Texts and Resources

Texts: All texts (printed and video) for this class are available online or via pdf on your Canvas course site under the Files menu. Those online will be linked directly to your schedule page; those under password protection (for fair use) on the Canvas site are listed here:

  • The Cambridge Declaration on Consciousness.
  • Davis, Diane. “Creaturely Rhetorics.” Philosophy & Rhetoric, Vol. 44, No. 1, 2011, pp. 88-94.
  • Doxtader, Erik. “Forum: Addressing Animals.” Philosophy & Rhetoric, Vol. 44, No. 1 (2011), pp. 79-80
  • Hawhee, Debra. “Toward a Bestial Rhetoric.” Philosophy & Rhetoric, Vol. 44, No. 1 (2011), pp. 81-87.
  • Kennedy, George A. “A Hoot in the Dark: The Evolution of General Rhetoric.” Philosophy & Rhetoric, Vol. 25, No. 1 (1992), pp. 1-21.
  • Marder, Michael. “What is Plant-Thinking?
  • Muckelbauer, John. “Domesticating Animal Theory.” Philosophy & Rhetoric, Vol. 44, No. 1 (2001), pp. 95-100.
  • Safina, Carl. Three selections from Beyond Words: What Animals Think and Feel. New York: Henry Holt and Company, 2015.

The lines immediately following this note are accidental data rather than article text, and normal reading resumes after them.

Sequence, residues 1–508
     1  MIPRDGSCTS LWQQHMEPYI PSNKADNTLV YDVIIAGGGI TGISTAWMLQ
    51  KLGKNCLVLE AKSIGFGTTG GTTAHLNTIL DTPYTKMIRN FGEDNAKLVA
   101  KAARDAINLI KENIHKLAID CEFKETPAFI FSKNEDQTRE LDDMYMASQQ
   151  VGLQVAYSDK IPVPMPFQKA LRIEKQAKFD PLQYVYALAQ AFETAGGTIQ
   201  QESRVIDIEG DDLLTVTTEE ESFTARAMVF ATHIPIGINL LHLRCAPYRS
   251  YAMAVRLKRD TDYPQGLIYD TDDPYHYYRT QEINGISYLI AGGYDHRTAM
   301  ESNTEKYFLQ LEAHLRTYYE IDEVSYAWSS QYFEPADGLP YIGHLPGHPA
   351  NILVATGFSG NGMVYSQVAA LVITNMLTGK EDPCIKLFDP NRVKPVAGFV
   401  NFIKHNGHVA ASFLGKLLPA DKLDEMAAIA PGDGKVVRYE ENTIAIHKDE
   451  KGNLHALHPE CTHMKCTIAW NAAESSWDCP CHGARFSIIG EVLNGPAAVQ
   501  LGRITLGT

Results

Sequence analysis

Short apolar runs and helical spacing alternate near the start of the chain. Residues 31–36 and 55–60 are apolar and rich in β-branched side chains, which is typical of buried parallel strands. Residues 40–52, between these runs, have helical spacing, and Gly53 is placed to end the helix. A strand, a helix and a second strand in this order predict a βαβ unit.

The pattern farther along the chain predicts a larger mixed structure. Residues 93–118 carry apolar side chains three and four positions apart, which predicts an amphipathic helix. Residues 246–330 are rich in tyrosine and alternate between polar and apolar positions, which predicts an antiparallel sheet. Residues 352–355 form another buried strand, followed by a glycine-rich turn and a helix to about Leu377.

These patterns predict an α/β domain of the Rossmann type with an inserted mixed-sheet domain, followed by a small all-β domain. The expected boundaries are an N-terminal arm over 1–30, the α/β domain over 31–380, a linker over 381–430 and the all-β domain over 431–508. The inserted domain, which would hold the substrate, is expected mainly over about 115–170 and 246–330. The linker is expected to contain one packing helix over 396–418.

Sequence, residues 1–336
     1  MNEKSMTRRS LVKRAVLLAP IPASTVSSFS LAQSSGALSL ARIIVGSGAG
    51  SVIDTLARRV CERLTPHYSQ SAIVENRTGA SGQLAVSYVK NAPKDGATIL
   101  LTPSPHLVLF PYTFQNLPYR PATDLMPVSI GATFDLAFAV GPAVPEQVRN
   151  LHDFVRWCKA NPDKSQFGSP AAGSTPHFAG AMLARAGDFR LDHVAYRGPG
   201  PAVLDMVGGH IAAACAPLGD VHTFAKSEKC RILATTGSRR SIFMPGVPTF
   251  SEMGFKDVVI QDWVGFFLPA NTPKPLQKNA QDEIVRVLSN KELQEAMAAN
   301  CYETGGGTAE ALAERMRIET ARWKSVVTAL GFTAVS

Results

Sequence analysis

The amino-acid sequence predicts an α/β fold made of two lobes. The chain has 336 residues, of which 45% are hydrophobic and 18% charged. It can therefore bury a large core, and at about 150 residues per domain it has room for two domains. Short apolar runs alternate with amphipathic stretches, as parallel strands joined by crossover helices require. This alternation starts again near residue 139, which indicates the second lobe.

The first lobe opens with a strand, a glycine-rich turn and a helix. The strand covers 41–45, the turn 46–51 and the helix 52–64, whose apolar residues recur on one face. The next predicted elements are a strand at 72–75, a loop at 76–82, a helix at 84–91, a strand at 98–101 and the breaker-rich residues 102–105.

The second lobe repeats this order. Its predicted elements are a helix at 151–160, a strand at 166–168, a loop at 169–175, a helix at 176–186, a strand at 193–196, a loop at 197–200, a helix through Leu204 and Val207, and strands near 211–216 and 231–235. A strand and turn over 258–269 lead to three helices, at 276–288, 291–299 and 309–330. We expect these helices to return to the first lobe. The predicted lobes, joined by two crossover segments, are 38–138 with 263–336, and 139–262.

• Wolfe, Cary. Introduction to Animal Rites: American Culture, the Discourse of Species, and Posthumanist Theory. Chicago: University of Chicago Press, 2003.

A handful of other online resources I wish we had time for:

And just a few more print sources you might be interested in:

  • Debra Hawhee’s Rhetoric in Tooth and Claw (not yet released)
  • JM Coetzee’s Lives of Animals
  • Wolfe, Cary. 2008. “Flesh and Finitude: Thinking Animals in (Post)Humanist Philosophy.” SubStance 117 (37.3): 8-36.
  • Mark Bekoff and Jessica Pierce’s Wild Justice: The Moral Lives of Animals.
  • Karl Steel, “How to Make a Human.” Exemplaria 20.1 (2008): 3-27)
  • Kelly Oliver, Animal Lessons.
  • Kari Weil, Thinking Animals: Why animal studies now?
  • Donna Haraway’s essay on crittercams in The Sensorium (https://mitpress.mit.edu/books/sensorium)

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